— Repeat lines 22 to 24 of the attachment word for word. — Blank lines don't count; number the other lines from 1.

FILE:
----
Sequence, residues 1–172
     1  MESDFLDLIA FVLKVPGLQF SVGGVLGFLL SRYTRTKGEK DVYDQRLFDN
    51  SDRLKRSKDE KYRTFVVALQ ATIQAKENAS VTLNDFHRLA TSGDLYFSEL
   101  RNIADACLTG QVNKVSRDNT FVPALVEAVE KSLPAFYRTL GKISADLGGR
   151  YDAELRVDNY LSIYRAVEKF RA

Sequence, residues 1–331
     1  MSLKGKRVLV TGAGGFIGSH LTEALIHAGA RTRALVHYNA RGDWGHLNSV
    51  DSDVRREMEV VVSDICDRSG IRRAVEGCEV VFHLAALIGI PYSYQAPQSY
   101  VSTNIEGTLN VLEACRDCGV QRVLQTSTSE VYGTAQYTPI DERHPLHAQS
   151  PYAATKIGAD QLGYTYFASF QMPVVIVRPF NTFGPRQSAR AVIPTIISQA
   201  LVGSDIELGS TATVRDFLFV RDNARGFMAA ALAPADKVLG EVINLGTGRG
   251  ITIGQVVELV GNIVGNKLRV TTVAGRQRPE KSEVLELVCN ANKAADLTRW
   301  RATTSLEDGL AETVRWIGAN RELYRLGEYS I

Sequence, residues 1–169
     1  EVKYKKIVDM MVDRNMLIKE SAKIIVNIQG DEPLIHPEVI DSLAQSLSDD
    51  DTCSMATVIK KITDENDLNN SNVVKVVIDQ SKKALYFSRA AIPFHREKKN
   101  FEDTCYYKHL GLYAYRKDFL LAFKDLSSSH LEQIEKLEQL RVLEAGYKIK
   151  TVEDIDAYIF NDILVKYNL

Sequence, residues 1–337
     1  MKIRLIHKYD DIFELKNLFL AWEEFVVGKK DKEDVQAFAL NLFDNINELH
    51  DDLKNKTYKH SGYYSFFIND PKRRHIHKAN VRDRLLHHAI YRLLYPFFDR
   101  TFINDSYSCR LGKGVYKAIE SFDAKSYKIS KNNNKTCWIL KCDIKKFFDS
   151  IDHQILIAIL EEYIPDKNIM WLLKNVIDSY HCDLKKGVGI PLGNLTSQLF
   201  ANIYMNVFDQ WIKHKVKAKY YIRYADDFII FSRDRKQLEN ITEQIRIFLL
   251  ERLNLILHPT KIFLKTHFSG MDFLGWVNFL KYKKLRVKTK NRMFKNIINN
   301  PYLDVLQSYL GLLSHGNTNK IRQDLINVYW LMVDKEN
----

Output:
   101  TFINDSYSCR LGKGVYKAIE SFDAKSYKIS KNNNKTCWIL KCDIKKFFDS
   151  IDHQILIAIL EEYIPDKNIM WLLKNVIDSY HCDLKKGVGI PLGNLTSQLF
   201  ANIYMNVFDQ WIKHKVKAKY YIRYADDFII FSRDRKQLEN ITEQIRIFLL